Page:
Telling People What To Do
Telling people how to spend their precious time in Hawaii is a responsibility we take very seriously. We have been doing it since 1973, and many millions of travelers have gone to restaurants, shops, attractions, luau and beaches based solely upon what we say. This power is downright daunting, and we are humbled by the opportunity to use it.
Saying that we are friends, you and I, is overreaching. We don’t know each other. But if my best high school buddy from my hometown of Hudson, Ohio, arrived at my doorstep today, I would urge him to do the very same things you will find right here. I trust these people, these places, these experiences. I am convinced that our suggestions will enrich your vacation, maybe even change your life.
We love Hawaii. We awaken grateful every day. We wish you the same.
Down to the Seas
With a tip of our baseball cap to sailor John Masefield, we must go down the seas again ourselves. Indeed, again and again. We go for the same reason — because it thrills us and calms us, making us whole even as it makes the entire day worthwhile, no matter what else happens. WE are not sailors, though: We go to swim and stand-up paddle and play.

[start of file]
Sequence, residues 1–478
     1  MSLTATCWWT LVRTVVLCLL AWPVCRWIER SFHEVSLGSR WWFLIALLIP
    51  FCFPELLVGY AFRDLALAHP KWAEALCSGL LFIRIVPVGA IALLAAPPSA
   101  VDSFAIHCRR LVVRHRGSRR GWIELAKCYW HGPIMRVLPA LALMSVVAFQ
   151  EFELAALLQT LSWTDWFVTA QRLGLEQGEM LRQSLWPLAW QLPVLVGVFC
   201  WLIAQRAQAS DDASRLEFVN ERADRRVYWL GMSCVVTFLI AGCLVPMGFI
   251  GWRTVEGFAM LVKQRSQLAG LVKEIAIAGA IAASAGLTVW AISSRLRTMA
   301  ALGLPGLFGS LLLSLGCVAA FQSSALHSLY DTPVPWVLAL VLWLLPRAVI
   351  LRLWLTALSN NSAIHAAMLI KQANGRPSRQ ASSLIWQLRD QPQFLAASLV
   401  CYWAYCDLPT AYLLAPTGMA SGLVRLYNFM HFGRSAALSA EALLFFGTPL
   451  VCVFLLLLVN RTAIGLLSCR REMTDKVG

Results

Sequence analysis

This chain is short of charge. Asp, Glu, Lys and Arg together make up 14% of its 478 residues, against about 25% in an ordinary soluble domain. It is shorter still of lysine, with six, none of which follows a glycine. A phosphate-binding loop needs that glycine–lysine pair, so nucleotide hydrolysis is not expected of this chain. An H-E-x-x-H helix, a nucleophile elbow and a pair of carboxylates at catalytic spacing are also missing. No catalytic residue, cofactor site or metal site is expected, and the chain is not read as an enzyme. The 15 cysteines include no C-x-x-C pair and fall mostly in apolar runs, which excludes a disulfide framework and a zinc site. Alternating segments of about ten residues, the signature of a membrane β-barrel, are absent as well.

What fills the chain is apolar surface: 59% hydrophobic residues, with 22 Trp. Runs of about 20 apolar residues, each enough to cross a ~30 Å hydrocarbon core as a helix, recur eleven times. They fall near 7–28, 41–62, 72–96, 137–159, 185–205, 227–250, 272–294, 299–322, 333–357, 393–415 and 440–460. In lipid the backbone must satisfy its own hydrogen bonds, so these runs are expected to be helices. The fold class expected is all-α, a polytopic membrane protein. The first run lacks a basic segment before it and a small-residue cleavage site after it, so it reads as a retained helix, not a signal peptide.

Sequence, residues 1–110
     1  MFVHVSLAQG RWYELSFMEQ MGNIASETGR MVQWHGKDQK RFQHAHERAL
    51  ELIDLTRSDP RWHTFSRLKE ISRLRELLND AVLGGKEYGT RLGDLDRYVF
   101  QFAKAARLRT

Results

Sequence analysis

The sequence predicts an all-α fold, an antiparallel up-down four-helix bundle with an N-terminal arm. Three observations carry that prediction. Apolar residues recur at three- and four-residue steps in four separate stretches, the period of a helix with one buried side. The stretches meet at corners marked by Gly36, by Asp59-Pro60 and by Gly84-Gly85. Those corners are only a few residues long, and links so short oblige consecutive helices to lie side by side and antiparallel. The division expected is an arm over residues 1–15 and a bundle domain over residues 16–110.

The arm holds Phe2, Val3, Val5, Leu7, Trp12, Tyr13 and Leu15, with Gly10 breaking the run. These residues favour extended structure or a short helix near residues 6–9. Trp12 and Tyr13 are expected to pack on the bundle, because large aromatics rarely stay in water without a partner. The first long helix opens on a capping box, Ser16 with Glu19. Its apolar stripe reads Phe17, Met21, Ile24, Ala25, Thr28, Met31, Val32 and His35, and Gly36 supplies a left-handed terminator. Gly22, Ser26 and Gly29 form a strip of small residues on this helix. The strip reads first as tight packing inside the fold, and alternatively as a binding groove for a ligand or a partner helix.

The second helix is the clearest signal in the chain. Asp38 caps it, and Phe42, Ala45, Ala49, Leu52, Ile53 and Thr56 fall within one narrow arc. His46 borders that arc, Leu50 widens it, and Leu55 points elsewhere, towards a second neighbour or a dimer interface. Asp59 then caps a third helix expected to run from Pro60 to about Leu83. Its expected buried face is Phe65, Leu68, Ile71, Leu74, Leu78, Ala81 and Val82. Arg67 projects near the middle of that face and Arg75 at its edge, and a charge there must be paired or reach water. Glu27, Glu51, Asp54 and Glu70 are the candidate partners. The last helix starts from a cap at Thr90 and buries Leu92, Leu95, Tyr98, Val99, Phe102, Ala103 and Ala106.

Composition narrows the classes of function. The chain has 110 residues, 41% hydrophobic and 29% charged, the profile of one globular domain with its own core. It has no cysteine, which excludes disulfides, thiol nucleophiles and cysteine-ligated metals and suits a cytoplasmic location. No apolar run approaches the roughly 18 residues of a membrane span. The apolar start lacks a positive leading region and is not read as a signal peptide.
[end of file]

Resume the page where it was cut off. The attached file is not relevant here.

I offer this now to those of you lucky enough to be here this week, as Duke’s OceanFest is underway. This marvelous event, now in its 13th year, is a ten-ring circus of beach and ocean activities that you don’t want to miss. Championship surfing, championship SUPing, championship swimming and more: It’s a marvelous display of true watermen and waterwomen at their best, all saluting the memory of the greatest waterman of all, our beloved Duke Kahanamoku.
Down to the seas!
Find Your Rainbow
There is bound to be a rainbow somewhere today. Often they hide in valleys, though sometimes they sprawl over Honolulu like a heavenly yawn or spill from rain clouds offshore. Keep your eyes open and your camera (or phone) ready! Here’s one that visited us recently as we sipped morning coffee on the lanai.
Don’t Mess Around with Hurricanes
Through the years, we’ve had more than our share of false alarms with hurricanes and tsunamis. I remember heading to the hills and cowering in front of the TV for hours, only to watch a six-inch tidal wave amble leisurely into Hilo Harbor, hundreds of miles away. However, we were here in 1982 and 1992, when Hurricane Iwa and Hurricane Iniki hit, and whenever there is a possibility of a storm like those two, we don’t mess around.
Iwa and Iniki blasted Kauai like an industrial leaf-blower pointed at a dainty spider’s web. Buildings collapsed, the whole island shut down, and people died. On Oahu, the waves and wind were ferocious. Our power disappeared. Everything stopped.
We all stick together now when a storm is coming. We pay attention to the Civil Defense warnings. We do what they say to do; we don’t do what they say not to do. We are ‘ohana, family, and you are a member of that family right now. Stay safe.
Stand up and smile!
There’s something about stand-up paddle that makes it more than the best exercise ever or a fun way to see turtles and tropical fish. We SUP nearly daily, and the glow lasts for hours. Take a lesson, for sure, not just a board.
Best bet to get up and stay up —
Massimo Sport Hawaii